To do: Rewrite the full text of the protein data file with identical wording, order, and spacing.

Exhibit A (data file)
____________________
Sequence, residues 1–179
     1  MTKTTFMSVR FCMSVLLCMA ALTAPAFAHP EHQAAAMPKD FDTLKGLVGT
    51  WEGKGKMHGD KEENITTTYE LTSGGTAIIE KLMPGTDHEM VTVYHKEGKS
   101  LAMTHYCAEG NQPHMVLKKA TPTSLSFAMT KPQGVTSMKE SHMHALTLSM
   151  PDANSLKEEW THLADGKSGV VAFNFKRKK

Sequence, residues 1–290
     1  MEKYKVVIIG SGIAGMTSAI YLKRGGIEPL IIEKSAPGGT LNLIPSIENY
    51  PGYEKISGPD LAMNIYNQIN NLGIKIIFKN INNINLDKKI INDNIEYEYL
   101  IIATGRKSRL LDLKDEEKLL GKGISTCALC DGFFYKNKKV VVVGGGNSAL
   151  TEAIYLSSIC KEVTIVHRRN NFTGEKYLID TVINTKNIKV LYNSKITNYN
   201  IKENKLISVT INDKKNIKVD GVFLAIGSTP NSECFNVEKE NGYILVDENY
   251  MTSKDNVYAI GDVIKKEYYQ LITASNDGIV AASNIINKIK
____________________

Sequence, residues 1–179
     1  MTKTTFMSVR FCMSVLLCMA ALTAPAFAHP EHQAAAMPKD FDTLKGLVGT
    51  WEGKGKMHGD KEENITTTYE LTSGGTAIIE KLMPGTDHEM VTVYHKEGKS
   101  LAMTHYCAEG NQPHMVLKKA TPTSLSFAMT KPQGVTSMKE SHMHALTLSM
   151  PDANSLKEEW THLADGKSGV VAFNFKRKK

Sequence, residues 1–290
     1  MEKYKVVIIG SGIAGMTSAI YLKRGGIEPL IIEKSAPGGT LNLIPSIENY
    51  PGYEKISGPD LAMNIYNQIN NLGIKIIFKN INNINLDKKI INDNIEYEYL
   101  IIATGRKSRL LDLKDEEKLL GKGISTCALC DGFFYKNKKV VVVGGGNSAL
   151  TEAIYLSSIC KEVTIVHRRN NFTGEKYLID TVINTKNIKV LYNSKITNYN
   201  IKENKLISVT INDKKNIKVD GVFLAIGSTP NSECFNVEKE NGYILVDENY
   251  MTSKDNVYAI GDVIKKEYYQ LITASNDGIV AASNIINKIK